…division among the Christians is a horrid evil, fraught with many evils. It is antichristian, as it destroys the visible unity of the body of Christ; as if he were divided against himself, excluding and excommunicating a part of himself. It is antiscriptural, as being strictly prohibited by his sovereign authority; a direct violation of his express command. It is antinatural, as it excites Christians to contemn, to hate, and oppose one another, who are bound by the highest and most endearing obligations to love each other as brethren, even as Christ has loved them. In a word, it is productive of confusion and of every evil work.
…nothing ought to be inculcated upon Christians as articles of faith; nor required of them as terms of communion, but what is expressly taught and enjoined upon them in the word of God. Nor ought anything to be admitted, as of Divine obligation, in their Church constitution and managements, but what is expressly enjoined by the authority of our Lord Jesus Christ and his apostles upon the New Testament Church; either in express terms or by approved precedent.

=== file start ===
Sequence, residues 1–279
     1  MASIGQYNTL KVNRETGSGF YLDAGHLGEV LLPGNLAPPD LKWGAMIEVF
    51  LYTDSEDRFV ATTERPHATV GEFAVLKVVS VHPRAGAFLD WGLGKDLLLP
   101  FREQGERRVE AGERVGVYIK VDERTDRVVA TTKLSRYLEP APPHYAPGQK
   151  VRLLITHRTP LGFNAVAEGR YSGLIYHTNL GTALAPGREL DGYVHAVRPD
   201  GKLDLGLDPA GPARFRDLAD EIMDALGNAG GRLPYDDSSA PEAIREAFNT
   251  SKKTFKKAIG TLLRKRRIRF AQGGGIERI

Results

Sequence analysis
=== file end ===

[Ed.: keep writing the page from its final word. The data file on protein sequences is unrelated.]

That with respect to the commands and ordinances of our Lord Jesus Christ, where the Scriptures are silent as to the express time or manner of performance, if any such there be, no human authority has power to interfere, in order to supply the supposed deficiency by making laws for the Church; nor can anything more be required of Christians in such cases, but only that they observe these commands and ordinances as will evidently answer the declared and obvious end of their institution. Much less has any human authority power to impose new commands or ordinances upon the Church, which our Lord Jesus Christ has not enjoined. Nothing ought to be received into the faith or worship of the Church, or be made a term of communion among Christians, that is not as old as the New Testament.